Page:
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Bern It All Down

Bernie Sanders leaves Iowa with the best of all worlds: As both victor and victim.
February 6, 2020
Bern It All Down
What could possibly go wrong.

After a stunning display of technological ineptitude which replaced anticipation with bewilderment and fatigue, the Iowa caucuses have finally fumbled at leisure their storied—if dubious—role as America’s presidential gatekeeper. Thirty-six hours after the caucuses finished, a third of the vote was still floating in the ozone. On Thursday morning, the vote still wasn’t fully tabulated.

Worse, Iowa left the campaigns quarreling over not one result, but three: a first count of caucusgoers’ preferences; a second tally taken after eliminating candidates beneath the 15 percent threshold; and the actual allocation of delegates to the convention based on the party’s arcane formula—which, worse still—need not reflect the greatest plurality of voter preferences.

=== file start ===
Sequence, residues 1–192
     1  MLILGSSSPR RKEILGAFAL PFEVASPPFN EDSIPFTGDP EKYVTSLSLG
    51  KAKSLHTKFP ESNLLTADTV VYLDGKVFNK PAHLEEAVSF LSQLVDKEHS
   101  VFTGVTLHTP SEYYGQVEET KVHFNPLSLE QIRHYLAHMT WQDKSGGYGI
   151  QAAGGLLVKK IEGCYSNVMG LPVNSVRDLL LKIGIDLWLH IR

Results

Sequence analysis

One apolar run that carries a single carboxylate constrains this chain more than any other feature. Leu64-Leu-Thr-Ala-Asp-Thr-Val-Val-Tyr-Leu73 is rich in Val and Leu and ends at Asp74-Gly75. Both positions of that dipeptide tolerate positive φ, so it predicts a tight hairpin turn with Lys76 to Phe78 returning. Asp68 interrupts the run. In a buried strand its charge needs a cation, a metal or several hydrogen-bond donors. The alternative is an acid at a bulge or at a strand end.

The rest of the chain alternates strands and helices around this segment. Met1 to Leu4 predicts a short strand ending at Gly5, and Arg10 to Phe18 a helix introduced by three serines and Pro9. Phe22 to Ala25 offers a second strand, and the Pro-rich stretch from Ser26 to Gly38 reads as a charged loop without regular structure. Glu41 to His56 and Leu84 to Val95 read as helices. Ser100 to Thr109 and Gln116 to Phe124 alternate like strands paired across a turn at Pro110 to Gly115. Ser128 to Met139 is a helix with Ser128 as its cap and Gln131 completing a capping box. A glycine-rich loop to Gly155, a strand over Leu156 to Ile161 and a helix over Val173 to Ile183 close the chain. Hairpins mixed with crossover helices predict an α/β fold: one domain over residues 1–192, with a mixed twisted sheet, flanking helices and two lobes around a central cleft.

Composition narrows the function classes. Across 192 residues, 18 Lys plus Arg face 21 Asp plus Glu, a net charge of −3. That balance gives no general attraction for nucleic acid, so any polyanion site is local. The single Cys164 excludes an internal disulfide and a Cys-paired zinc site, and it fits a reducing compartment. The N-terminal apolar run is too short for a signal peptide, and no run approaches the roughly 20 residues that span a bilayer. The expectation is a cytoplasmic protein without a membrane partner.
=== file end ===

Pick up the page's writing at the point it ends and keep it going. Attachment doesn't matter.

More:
Confused? Then you begin to appreciate Iowa’s new role: the potential first-in-the-nation petri dish of 2020 election conspiracy theories.

Based upon the data released so far, Bernie Sanders narrowly won both the first count and is currently leading in the second count—even though the final outcome is still very much in doubt—whereupon the allocation formula gave Buttigieg slightly more state delegate equivalents. This left Buttigieg to own whatever devalued bragging rights he could extract and Sanders to harness the power of his adherents’ combustible sense of grievance and disempowerment.

But however smudged, the fun house mirror of Iowa contained a few spots of clarity. Sanders elbowed Elizabeth Warren aside among progressives, but without yet killing her off. As for the moderates, Mayor Pete trounced Joe Biden, leaving him gravely wounded, and consigned Amy Klobuchar to fifth place and a ticket to oblivion.